July 8, 2015

Teachers Have New Contract At Last

After long drawn-out negotiations between their union and the school district, Princeton’s teachers now have a new four-year contract.

The Princeton Public Schools Board of Education (BOE) and the Princeton Regional Education Association (PREA) reached an agreement that was unanimously approved by the Board last week.

The long-awaited contract is the result of talks between BOE and PREA that began in the fall of 2013 and the cause of much criticism directed at both sides from teachers, parents, students, and taxpayers since that time.

The contract is retroactive to last July 1, when teachers had been working under the terms of an expired contract. It will expire June 30, 2018.

Under the terms of the new contract, teachers will receive a salary increase of 2.66 percent for 2014-15; 2.67 percent for 2015-16; 2.50 percent for 2016-17; and 2.63 percent for 2017-18.

According to district officials, longevity pay will be eliminated in year four of the new contract and will be incorporated into a new step system going forward.

The new contract includes increases in the stipends that teachers receive for extracurricular activities such as coaching or advising student clubs. In this case, however, the increase is not retroactive for the 2014-15 school year. The increase for year two is 2.5 percent. For years three and four, the increase is 2.25 percent.

Under the new agreement, teachers will continue to make health care contributions at the tier 4 level under Chapter 78 of New Jersey state law.

The interpretation of Chapter 78 had been a bone of contention between the two parties and the inclusion of such health care contributions at the tier 4 level was one which the teachers’ union had opposed, even after sessions with a state-appointed mediator brought in to bring the two sides to a resolution.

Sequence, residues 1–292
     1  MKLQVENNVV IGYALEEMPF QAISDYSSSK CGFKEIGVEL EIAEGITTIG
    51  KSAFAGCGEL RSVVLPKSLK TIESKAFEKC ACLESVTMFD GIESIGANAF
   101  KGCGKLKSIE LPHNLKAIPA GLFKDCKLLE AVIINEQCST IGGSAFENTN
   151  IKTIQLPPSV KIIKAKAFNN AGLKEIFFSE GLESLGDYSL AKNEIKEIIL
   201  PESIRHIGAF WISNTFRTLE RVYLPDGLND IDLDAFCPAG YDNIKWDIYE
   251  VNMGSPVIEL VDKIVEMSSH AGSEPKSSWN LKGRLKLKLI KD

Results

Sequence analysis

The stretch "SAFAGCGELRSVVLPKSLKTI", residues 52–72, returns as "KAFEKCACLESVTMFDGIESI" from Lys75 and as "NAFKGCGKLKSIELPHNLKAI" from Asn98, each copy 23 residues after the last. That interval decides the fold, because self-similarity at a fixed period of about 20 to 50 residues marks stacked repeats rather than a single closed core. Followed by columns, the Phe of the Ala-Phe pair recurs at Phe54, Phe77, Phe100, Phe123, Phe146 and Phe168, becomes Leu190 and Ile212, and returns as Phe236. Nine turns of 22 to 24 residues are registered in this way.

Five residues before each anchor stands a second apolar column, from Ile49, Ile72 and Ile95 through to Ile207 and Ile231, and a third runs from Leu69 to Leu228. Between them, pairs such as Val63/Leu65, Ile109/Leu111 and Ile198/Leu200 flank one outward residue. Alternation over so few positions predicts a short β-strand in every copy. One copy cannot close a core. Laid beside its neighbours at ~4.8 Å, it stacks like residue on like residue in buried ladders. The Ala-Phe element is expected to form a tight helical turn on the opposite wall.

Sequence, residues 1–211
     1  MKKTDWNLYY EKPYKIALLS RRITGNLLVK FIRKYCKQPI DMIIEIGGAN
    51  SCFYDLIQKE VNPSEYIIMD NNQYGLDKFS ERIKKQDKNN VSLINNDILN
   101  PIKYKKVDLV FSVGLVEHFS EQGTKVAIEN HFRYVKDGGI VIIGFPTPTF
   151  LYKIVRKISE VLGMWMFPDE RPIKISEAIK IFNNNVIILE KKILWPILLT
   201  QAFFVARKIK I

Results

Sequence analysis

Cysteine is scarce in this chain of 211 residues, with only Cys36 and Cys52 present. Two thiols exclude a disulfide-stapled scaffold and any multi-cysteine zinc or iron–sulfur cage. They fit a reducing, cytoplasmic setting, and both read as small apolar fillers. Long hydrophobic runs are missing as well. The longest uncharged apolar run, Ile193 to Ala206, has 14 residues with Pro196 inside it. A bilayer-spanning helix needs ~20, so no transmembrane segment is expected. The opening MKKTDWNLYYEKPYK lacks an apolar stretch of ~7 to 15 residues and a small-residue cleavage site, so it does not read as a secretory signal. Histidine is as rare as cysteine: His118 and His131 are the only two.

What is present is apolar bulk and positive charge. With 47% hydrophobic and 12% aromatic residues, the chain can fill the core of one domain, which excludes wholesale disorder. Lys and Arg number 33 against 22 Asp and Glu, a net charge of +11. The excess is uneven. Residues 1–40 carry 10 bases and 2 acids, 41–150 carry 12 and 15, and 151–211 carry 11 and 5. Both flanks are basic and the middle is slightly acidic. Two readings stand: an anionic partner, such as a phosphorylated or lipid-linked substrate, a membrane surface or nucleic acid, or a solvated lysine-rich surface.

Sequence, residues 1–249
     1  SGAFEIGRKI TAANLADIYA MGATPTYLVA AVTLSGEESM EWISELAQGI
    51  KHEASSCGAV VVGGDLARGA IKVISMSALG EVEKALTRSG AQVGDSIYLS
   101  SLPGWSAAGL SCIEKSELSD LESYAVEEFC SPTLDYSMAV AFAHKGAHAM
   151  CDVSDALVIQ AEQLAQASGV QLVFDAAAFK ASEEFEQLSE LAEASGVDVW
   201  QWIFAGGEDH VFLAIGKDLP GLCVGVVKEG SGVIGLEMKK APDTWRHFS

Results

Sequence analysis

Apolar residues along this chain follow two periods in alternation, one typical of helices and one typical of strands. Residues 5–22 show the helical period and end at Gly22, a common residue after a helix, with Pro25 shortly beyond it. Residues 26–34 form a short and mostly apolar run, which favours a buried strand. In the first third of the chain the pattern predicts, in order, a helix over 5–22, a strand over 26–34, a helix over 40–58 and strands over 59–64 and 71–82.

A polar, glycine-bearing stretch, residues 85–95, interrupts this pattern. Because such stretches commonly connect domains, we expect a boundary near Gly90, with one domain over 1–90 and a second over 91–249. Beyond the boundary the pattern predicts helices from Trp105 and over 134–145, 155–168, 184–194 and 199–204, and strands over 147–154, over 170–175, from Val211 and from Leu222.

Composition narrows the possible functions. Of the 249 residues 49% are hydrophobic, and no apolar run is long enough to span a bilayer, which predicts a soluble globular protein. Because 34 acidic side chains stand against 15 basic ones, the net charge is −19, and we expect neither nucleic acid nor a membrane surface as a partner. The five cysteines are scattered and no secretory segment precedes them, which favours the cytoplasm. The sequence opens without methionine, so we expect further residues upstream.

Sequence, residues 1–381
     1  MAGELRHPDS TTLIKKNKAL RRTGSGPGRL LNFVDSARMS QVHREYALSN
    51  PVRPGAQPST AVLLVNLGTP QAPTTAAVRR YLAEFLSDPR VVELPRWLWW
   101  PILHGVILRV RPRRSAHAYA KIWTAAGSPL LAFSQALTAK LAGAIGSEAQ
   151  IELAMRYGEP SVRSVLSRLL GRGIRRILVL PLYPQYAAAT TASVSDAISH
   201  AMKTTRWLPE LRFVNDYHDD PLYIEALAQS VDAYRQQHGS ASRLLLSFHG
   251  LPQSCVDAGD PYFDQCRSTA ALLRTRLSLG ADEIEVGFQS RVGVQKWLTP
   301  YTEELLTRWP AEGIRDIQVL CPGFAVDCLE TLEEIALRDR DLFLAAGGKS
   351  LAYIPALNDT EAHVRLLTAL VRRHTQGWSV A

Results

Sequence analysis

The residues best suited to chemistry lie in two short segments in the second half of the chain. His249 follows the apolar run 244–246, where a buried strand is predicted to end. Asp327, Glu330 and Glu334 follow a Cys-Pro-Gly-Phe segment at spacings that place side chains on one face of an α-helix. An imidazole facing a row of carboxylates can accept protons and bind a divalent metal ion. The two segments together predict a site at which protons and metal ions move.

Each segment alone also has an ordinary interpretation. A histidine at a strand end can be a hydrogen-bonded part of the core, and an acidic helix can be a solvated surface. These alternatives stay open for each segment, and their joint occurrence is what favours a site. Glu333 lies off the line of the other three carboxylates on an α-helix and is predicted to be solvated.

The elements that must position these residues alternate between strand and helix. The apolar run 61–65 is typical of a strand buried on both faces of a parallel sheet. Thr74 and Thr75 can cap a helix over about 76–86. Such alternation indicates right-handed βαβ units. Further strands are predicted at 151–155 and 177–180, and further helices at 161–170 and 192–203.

The new contract holds teachers to two evening parent-teacher conferences a year and offers an additional staff development day a year.

In addition, teachers who subscribe to the district’s health care benefits program will receive annual health care stipends for years two, three and four of the contract.

The agreement came just as the two sides were about to enter the expensive arbitration stage of the bargaining process known as “fact-finding,” which could have cost between $1,600 and $2,500 per day for a state appointed fact-finder. The two sides would have shared this cost.

In recent weeks, with the approach of the end of the school year, both sides met face-to-face to thrash out a deal. Hopes rose after two marathon negotiating sessions on June 2 and June 10, the first lasting 18 hours and the second 12 hours. After the second meeting, BOE President Andrea Spalla said that both parties were working to “close the remaining differences between the two sides.”

Asked Monday what had clinched the deal, BOE member Patrick Sullivan responded that “Nothing in particular ‘clinched the deal’ except many hours of listening to each other and lots of hard work. The Board’s only goal has always been to come to an agreement that is fair to our teachers and financially sustainable for our district and our children. We are grateful that the PREA worked with us to come to such a conclusion.”

Compared to earlier BOE meetings, last week’s presentation failed to draw a large audience of teachers and parents.